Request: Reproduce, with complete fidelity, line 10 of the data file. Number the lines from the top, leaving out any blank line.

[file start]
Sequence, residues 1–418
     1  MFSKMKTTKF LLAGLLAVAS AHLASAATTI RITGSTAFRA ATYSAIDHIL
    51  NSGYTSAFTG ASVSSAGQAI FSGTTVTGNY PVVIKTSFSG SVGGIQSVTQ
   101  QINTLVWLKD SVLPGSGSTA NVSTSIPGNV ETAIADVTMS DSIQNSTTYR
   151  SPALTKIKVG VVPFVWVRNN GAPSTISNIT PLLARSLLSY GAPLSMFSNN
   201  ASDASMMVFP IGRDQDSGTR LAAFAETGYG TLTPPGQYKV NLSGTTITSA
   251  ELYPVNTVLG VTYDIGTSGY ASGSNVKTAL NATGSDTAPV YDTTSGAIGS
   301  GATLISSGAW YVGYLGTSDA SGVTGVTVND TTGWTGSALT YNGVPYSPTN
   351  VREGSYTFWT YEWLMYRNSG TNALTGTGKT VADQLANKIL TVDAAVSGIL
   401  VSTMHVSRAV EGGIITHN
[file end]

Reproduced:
   401  VSTMHVSRAV EGGIITHN